Out of Court Disposal: A one-stop guide to OoCD and Scrutiny Panels in Dorset

At PFD’s ‘No Place for Hate’ conference, some of you expressed your interest in more guidance around the purpose and responsibility of Out of Court Disposal (OoCD) Scrutiny Panels in Dorset.

We’ve compiled a number of frequently asked questions. If you have any further questions, please let us know in the comments and we will continue to extend this post.

What is Out of Court Disposal (OoCD)?

OoCD is used in cases of less serious, and often first-time, offenders as an alternative to going to court. It can only be used in limited circumstances and when the suspect takes responsibility for the alleged offence.

What are the methods for dealing with suspects who are seen by OoCD?

Methods for dealing with suspects in this way include restorative justice, community resolutions, conditional cautions, cannabis warnings, penalty notices and fines, together with appropriate interventions.

Why are OoCD Scrutiny Panels needed?

OoCDs are administered without the involvement of the courts and so the public expects that the police, who in such cases act as ‘investigators, prosecutors, judge and jury’, have some checks and balances in exercising these powers.

For this reason, the Police and Crime Commissioner has adopted an OoCD Scrutiny Panel so Dorset residents can be assured that the police are making appropriate and proportionate use of this tool.

The Out of Court Disposal Scrutiny Panel oversees how Dorset Police and the Youth Offending Service issue out of court disposals and ensures that the use of such disposals is appropriate, proportionate and consistent with national and local policy and considers the victims’ wishes where appropriate.

What does the OoCD Scrutiny Panel do?

The Scrutiny Panel reviews a random selection of cases – with the panel determining whether each instance was appropriate and consistent with Dorset Police policies, the Crown Prosecution Service Code for Crown Prosecutors and the Victim Code. Feedback and recommendations are passed on to the Force for action and consideration.

How often does the panel meet and what do they discuss?

In 2019, the panel met on four occasions on 6 March, 19 June, 4 September and 18 December 2019 to review and consider 65 cases in total.

The cases discussed were on the following broad themes:

  • Burglary, theft and shoplifting cases
  • Weapon offences, violence against the person, knife crime and violence linked to weapon possession
  • Females and Black, Asian, Minority & Ethnic individuals.

The scrutiny panel has a standing agenda which covers the following areas:

  • Introductions, conflicts of interest and confidentiality
  • Minutes from previous meetings (approved between meetings to save time at main meeting)
  • Review of actions from previous meeting/s and updates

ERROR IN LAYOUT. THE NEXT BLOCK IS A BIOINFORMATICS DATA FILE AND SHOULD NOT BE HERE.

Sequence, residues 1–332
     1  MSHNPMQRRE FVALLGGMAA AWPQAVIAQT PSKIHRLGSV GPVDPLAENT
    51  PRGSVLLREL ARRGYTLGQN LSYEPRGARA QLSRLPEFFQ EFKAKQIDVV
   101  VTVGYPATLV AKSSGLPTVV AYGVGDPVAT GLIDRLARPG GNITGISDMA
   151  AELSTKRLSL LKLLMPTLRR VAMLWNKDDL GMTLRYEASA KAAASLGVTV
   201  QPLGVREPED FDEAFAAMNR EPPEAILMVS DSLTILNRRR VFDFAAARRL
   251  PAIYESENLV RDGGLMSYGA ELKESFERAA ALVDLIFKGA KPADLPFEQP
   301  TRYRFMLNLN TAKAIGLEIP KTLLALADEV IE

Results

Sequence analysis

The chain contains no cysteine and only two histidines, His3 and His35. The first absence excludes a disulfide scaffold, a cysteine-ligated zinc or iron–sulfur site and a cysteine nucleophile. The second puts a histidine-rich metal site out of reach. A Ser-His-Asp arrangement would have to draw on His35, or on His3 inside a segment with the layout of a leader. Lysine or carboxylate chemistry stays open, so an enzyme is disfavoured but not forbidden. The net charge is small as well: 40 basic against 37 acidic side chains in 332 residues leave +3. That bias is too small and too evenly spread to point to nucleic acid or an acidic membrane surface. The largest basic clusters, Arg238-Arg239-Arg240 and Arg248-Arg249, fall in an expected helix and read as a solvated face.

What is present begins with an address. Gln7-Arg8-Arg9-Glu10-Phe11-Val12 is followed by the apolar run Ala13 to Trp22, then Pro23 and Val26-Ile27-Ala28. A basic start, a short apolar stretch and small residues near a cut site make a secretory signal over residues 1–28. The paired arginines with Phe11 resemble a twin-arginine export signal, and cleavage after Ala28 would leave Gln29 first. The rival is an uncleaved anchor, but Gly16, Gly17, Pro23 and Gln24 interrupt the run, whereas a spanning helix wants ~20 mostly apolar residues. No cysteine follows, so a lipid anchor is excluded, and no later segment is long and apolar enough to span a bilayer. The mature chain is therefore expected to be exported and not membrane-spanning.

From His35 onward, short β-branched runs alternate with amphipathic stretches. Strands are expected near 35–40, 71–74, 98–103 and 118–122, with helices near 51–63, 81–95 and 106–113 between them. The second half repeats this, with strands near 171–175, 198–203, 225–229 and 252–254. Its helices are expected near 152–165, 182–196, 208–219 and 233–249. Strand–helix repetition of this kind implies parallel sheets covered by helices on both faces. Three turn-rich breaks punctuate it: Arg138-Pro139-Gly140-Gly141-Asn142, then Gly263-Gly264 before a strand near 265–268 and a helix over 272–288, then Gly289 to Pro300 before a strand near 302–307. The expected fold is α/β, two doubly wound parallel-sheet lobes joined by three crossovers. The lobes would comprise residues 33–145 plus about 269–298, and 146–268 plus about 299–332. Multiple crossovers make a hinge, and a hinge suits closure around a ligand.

• Review of effectiveness (from Dorset Police, if any previous recipients of previous Out of Court Disposals have re-offended)
  • Performance update
  • Cases for discussion (previously 20 cases, reduced to 15)
  • Any other business (including selection of theme for the next meeting).
Who are the members of the OoCD Scrutiny Panel?

The Scrutiny Panel comprises members of the public and experts from other agencies. The panel has a core of some 15 regular attendees at panel meetings.

These include five independent members, representatives from Dorset Bench including Dorset Youth Panel, Her Majesty’s Courts and Tribunal Service, the Crown Prosecution Service, Probation Services, local Youth Offending Services who regularly attend the scheduled meetings which are held four times a year.

The panel is supported by members of Dorset Police including the Adult Out of Court Disposals Manager, Youth Out of Court Disposals Manager and a representative from Restorative Justice.

The panel also invites a representative from a different charity relevant to the theme of cases being considered; these include those with specialist knowledge in areas such as victim support, domestic violence, stalking, drugs and alcohol and sexual offences.

If you want to find out more about the independent panel members, visit page 1 of the OoCD Scrutiny Panel annual report here.

What about confidentiality?

At the start of each meeting, all those in attendance declare any conflicts of interest. All members have signed a confidentiality agreement which incorporates the General Data Protection Regulation (GDPR) requirements.

Confidential meeting papers (e.g. case summaries and performance data) are sent securely to panel members and collected after each meeting for safe disposal.

Where can I find out more about the activities of the OoCD Scrutiny Panel?

To ensure transparency and accountability, a summary of each panel meeting is published together with a full annual report on the Dorset Police and Crime Commissioner’s website – this is also open to members of the public to view.

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